Engineering Blog

Animating “A simple CSS popup tutorial”

By now you’ve probably seen the cool and simple way(not to mention, without using jQuery) of creating a  popup by Zoie Carnegie. If not, you can click this link to go and follow that tutorial. Cool?

Once you’re done creating your css popup. We’re now going to animate it with CSS3. Why? because we’re tired of seeing things that just pop onto users screen and you don’t know where it came from. Also, to make it fun for your users. Let’s get started.

First things first. CSS3 animations don’t work on “display: none” or “block”. So, we need to modify Zoie’s code to not do that and just simply add and remove the relevant class.

We need to modify the CSS too.

Now, why did I do that? Since, we can’t use display: none, we need to find a way to hide it differently. CSS3 animation works perfectly with “visibility: hidden”, “opacity” and “z-index”. I know it’s a bit more CSS but, I assure you that it’s worth it.

Slide Down
Let’s start with a simple one. Sliding them pops, yo!

The “top: -50%” will push our pop-up outside while “top: 50%” will bring it back to the center. Now, combine it with a CSS transition and it will gracefully slide down along with the fading effect of opacity. Pretty neat huh? How about making it pop up from the center of the page? I mean it’s called “pop-up” for a reason right?

We can achieve that effect by using the same code we made earlier. Just change the “top: -50%” to “transform: scale(0)”. This will scale our beloved pop-up to a small size. The showing it part will have to change too. Same as the default, change the “top: 50%” to “transform: scale(1)”. This will then scale it back to original size.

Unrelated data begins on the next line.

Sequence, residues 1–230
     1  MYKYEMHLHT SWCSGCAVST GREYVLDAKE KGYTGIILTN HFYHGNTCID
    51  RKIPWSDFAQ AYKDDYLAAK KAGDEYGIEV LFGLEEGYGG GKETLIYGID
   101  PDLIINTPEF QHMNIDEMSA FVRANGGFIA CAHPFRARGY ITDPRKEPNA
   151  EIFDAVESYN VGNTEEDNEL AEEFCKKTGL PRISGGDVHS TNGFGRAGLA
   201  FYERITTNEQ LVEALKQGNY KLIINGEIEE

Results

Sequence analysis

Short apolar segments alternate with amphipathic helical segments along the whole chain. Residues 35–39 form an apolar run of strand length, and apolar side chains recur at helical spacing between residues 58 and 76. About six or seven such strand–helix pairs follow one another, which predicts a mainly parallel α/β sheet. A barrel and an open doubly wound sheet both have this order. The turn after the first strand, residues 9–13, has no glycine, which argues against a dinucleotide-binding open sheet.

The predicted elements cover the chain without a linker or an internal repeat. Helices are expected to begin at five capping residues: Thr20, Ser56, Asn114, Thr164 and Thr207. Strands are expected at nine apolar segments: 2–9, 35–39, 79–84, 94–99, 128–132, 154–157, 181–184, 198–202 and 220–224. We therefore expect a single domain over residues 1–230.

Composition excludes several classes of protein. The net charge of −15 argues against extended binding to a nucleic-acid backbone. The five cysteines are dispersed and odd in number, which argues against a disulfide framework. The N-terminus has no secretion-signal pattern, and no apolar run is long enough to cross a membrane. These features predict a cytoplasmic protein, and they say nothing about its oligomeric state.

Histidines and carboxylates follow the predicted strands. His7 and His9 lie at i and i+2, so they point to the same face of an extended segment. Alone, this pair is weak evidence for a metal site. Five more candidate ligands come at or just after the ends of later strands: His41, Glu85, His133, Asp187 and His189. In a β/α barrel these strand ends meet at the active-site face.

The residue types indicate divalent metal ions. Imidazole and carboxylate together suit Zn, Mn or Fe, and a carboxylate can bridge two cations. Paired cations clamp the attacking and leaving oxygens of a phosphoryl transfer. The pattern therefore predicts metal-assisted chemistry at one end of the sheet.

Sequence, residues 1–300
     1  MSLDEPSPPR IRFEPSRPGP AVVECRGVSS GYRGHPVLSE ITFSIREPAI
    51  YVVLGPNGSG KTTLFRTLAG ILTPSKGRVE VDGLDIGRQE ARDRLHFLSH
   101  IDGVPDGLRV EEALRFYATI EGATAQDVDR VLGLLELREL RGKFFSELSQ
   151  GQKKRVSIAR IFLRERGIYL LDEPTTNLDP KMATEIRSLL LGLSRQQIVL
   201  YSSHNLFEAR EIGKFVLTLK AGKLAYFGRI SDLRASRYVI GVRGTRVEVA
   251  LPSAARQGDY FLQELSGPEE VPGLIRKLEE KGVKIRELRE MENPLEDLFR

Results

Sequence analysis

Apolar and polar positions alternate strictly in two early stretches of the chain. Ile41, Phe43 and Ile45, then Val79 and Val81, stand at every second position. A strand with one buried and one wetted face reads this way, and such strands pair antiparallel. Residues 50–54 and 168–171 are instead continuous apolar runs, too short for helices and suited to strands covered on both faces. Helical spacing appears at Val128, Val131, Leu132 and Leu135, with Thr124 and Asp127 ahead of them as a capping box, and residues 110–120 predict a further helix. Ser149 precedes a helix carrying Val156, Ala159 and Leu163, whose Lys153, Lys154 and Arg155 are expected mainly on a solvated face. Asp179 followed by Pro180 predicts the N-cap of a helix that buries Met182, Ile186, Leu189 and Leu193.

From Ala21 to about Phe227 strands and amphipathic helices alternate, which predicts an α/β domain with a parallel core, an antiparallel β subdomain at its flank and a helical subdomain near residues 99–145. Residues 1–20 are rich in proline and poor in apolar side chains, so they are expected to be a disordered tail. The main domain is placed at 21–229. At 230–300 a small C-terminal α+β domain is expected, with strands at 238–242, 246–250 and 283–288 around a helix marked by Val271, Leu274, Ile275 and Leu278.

Want to try something different than that? I got your back.

Swirly Pop

Have you heard of CSS keyframes? We’re going to use that to achieve what we want. I just want to say first that CSS keyframes do not work on older browsers like IE8 and IE9. Use this trick at your own risk.

The keyframes code looks like this

The word “pop-swirl” is the variable we need to call later on to trigger that animation or keyframe. You can name this to whatever you want, there are no restrictions. The animation works by specifying your start and end points. There’s 2 ways you can do that, either by using “from” and “to” or “0%” to “100%”. I prefer the 2nd way because you can add like 100 keyframes to it.

Calling that code will need the help of an “animation” tag. This is like a transition but more advanced. I also like to point out that right now, It’s not fully supported yet but you can still use it by appending your vendor prefix like “-webkit-“. Like this…

-webkit-animation: pop-swirl 1s ease forwards;

Let’s break this down

-webkit- = Vendor prefix
animation = Used to call the keyframes
pop-swirl = The variable we used on keyframes
1s = Duration of animation
ease = Timing function. This can also make the animation smoother
forwards = This is the animation play state

Using the same method as Slide Down and Pop In. We just need to remove top or transform tags and add the animation tag in it.


The Anvil Effect

Let’s shock your screen with this heavy pop-up. You can achieve the anvil effect by using this code.

Of course a tutorial won’t be complete without a demo.

Slide Down Demo Pop In Demo Pop Swirl Demo Anvil Demo

And there you have it. A little something to spice up your pop-up game. I hope this helps you woo your users and entertain them. Until next time. Cheers.

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